This week’s ITB—the world’s largest travel show—in Berlin takes place just as the news comes that the nation’s consumer confidence in the economy is high and as the German travel trade is registering bullish numbers for the summer travel season. Travelers from Germany comprise the USA’s largest overseas source market in continental Europe and ITB historically has served as a barometer on how the tour and travel industry in Germany and, to a great extent, in the Eurozone will perform in the coming year.
- First, from the research firm GfK comes the news that that consumer confidence in Germany could reach a level of 9.7 in March, up from February’s 9.3 rating. If so, this would be the highest reading in more than 13 years—since it reached the 11.0 mark in October 2001.
A GfK statement on the numbers said, “Despite the ongoing crisis in eastern Ukraine and uncertainty as to whether Greece will remain in the Eurozone, Germans remain confident that their economy is clearly on course for growth.” However, acknowledging that other factors in the global economy must be considered, the firm said that, “If developments in these areas cause uncertainty among German consumers, this will also have a severe impact on the consumer mood and therefore also consumption.”
- Second, Deutscher ReiseVerband (DRV)—the German Travel Association—reported Feb. 26 that bookings for summer holidays this year increased about five percent, year-over-year, in January, with DRV President Norbert Fiebig observing, “We expect further growth at a high level for the whole tourism year.”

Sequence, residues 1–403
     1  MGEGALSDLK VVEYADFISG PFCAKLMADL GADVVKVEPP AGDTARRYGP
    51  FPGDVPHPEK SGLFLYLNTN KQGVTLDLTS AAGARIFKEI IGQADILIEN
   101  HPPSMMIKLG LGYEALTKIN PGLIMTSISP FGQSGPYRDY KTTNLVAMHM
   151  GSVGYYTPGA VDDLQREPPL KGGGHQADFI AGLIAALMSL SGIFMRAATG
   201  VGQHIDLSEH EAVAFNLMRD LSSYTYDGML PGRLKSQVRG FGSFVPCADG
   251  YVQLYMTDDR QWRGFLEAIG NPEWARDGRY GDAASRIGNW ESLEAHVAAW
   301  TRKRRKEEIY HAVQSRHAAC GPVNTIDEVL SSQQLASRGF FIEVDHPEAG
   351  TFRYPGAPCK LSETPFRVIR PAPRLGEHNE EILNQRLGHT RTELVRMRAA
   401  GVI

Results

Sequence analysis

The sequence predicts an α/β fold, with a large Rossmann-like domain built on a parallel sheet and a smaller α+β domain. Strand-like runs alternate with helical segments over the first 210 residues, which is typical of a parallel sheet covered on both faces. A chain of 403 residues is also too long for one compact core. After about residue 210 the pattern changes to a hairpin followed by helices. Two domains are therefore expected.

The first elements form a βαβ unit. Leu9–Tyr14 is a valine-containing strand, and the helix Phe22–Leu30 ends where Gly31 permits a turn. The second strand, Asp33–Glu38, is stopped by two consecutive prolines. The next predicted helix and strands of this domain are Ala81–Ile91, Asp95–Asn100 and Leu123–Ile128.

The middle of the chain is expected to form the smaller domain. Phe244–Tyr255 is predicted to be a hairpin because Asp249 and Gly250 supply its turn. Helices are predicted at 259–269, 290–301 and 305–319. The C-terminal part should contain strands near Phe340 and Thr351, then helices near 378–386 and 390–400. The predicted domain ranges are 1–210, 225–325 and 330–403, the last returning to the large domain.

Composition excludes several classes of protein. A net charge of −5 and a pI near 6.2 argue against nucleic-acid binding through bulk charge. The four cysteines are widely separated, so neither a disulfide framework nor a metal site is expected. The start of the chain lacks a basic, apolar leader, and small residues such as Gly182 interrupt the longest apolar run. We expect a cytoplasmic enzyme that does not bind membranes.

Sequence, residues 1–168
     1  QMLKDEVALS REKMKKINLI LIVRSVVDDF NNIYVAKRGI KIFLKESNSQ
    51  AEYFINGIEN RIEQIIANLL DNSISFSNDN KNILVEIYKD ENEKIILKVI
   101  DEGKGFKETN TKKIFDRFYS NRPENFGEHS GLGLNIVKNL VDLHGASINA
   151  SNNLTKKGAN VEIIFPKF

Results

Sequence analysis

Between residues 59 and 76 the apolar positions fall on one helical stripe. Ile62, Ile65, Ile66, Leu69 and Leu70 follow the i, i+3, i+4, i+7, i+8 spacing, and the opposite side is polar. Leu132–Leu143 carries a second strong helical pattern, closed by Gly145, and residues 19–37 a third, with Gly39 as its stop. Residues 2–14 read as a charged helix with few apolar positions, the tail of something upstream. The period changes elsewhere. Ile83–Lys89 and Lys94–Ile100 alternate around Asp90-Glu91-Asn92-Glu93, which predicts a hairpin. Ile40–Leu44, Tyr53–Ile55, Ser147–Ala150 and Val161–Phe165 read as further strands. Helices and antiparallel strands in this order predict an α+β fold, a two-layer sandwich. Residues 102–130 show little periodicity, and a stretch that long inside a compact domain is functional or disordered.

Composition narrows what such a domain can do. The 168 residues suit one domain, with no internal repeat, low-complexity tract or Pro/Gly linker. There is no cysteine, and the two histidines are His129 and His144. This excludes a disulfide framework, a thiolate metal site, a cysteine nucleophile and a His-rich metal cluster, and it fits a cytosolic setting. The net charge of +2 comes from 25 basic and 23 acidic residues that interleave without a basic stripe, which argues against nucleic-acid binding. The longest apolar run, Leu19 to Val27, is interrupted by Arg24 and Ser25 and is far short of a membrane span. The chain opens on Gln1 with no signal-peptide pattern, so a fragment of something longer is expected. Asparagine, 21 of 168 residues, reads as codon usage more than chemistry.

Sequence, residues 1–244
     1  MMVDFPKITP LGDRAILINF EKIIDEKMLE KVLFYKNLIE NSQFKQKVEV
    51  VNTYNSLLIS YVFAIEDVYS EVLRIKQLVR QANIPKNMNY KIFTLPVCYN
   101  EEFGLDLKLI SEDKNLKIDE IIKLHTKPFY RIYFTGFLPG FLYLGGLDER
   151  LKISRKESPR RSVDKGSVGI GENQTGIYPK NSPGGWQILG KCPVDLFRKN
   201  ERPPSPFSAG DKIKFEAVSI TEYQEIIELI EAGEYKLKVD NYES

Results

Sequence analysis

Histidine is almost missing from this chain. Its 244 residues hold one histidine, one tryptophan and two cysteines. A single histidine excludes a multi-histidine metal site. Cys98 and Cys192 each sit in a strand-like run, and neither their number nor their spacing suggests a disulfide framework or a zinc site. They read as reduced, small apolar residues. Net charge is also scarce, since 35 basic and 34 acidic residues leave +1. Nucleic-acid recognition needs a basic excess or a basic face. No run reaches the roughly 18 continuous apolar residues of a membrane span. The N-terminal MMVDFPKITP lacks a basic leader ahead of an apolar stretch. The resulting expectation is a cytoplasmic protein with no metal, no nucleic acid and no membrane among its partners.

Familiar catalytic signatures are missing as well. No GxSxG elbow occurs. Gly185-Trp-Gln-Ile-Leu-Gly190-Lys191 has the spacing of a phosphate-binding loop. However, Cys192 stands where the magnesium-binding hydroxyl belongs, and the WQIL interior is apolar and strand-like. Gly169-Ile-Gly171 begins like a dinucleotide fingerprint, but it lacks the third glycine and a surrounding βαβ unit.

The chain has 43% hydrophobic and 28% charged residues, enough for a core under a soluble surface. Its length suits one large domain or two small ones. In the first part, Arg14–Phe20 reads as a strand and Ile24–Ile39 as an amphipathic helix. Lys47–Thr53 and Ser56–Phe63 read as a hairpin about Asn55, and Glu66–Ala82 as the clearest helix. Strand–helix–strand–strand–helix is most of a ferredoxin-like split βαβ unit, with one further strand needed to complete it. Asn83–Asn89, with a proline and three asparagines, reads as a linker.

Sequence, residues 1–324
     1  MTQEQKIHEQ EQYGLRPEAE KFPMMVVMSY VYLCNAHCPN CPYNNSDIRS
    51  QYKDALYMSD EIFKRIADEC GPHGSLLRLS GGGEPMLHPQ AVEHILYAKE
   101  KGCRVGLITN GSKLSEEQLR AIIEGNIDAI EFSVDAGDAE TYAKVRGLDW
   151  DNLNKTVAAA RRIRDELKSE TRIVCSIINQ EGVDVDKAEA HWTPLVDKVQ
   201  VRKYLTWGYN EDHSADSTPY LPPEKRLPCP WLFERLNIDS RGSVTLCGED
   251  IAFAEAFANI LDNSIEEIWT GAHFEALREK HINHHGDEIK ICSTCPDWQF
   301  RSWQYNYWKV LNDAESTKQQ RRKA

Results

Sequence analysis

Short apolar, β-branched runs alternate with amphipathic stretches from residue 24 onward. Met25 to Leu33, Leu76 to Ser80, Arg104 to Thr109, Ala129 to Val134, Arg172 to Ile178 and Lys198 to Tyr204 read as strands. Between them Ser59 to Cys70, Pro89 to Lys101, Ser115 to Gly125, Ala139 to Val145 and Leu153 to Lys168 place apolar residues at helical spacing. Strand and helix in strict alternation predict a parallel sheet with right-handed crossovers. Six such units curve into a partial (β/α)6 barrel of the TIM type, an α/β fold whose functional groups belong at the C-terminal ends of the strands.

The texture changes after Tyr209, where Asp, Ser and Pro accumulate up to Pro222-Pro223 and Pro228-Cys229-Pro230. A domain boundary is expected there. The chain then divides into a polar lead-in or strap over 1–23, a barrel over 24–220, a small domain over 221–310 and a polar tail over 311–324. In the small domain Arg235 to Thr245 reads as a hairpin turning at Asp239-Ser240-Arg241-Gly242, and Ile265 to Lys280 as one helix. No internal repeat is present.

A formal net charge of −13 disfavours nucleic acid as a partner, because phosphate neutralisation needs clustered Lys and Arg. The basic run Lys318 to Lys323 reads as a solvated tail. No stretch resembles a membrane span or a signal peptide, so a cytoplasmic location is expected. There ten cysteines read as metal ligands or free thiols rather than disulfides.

DRV pointed out that, for the 2013-14 year that ended last October, the German tourism market once again hit record levels—Germany is the only European market that did not decline in the immediate wake of the 2008-09 global economic recession—with tour operators increasing their combined revenues by nearly 4 percent to €26.3 billion ($29.4 billion), which was about €1 billion ($1.2 billion) more revenues than in 2012/13. Growth was driven by cruises and demand for higher-value and higher-priced holidays. And while revenues grew by almost 4 percent, the number of customers increased by 2.5 percent, indicating that there was an increase in average prizes.
(Just before ITB was to open, ITB officials indicated that more than 110,000 trade visitors were expected at the event, held annually at the 1.7 million square-foot Messe Berlin convention center complex.)